Operator error and fatigue
Imagine yourself as a factory worker. Your only job is to sew the side seams of T-shirts. When you start your day the first couple of garments are "meh". But then you get your rhythm and you are on fire. You got it down, knowing that top and bottom layers will stretch more than the other during sewing and you adjust accordingly. By lunch time you are tired and letting things slide a little. Eh, good enough! You have become sorta blind to the stripe matching. It’s just another seam after seam. It happens!
At the end of the day there needs to be a certain amount of pieces sewn and someone is going to have to make the call to either discard the non-matched stripe garments or add them to the finished production. How much is acceptable? Potentially, a lot of garments could go to waste. But then the factory would have to explain to their customer why they will not receive the total number of pieces that they ordered and how there is no more fabric left to cut additional. This is not a place I would want to find myself.
I hope it makes sense why things are the way they are. It’s not a matter of not wanting to give you matching stripes, but rather limitations and choices that have to be made. Sometimes we have to choose between cost and style. Yes, you say that you would pay more, but would you really? At a certain price point the fact is, most people turn to ready to wear because it’s so cheap.
So next time you see an unmatched stripe take pause know the reasoning why.
If you are interested in reading further about markers you can check out my post here.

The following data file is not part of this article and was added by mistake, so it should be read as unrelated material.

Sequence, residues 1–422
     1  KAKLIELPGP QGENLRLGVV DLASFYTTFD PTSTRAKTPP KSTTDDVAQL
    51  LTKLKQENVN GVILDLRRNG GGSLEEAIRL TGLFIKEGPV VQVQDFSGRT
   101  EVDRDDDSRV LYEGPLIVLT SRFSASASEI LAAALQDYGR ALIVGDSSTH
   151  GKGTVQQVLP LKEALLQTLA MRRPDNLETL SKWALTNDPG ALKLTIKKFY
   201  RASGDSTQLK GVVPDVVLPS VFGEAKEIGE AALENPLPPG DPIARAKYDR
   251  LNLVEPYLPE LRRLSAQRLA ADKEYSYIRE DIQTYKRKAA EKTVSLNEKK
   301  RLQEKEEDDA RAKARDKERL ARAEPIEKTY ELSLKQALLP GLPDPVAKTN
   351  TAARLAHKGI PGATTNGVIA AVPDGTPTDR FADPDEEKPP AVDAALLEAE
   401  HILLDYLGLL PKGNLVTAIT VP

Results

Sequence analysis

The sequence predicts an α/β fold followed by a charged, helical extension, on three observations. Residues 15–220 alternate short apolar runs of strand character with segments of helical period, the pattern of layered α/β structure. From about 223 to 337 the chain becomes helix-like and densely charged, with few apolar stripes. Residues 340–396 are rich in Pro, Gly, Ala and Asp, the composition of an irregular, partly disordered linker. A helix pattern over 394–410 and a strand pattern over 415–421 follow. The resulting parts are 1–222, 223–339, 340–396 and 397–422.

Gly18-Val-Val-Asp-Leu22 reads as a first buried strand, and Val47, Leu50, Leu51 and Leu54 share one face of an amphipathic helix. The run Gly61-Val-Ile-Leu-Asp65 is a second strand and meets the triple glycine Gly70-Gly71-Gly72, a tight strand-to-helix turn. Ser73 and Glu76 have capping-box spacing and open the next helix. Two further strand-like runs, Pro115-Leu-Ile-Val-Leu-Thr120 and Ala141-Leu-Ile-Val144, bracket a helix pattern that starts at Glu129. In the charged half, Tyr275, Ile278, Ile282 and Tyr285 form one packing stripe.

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Thanks for this very useful post. I really appreciate the time you take to explain these industry practices.
As a tech designer in the apparel industry for 12+ years, I really appreciate this explanation! At a few of the companies I used to work at, we had “good, better and best” standards for stripe and plaid matching. Good was basically no matching, better was CF and CB, and best was CF/CB, armhole, yokes and plackets. Thanks for sharing this info!
Good information. I find myself looking at pattern matching of stripes and plaids when I’m at church. For some reason men’s western wear even at a reasonable price point still does a decent job. So does mid-range men’s shirts, but then that has always been the case. Can’t say the same about women’s.
This was a really fun read! I have wondered if this is one reason why higher end brands (that take more care with pattern/stripe matching) are more expensive. There is more waste.
Thanks for such an informative article that really highlights the differences between home seeing and industrial sewing.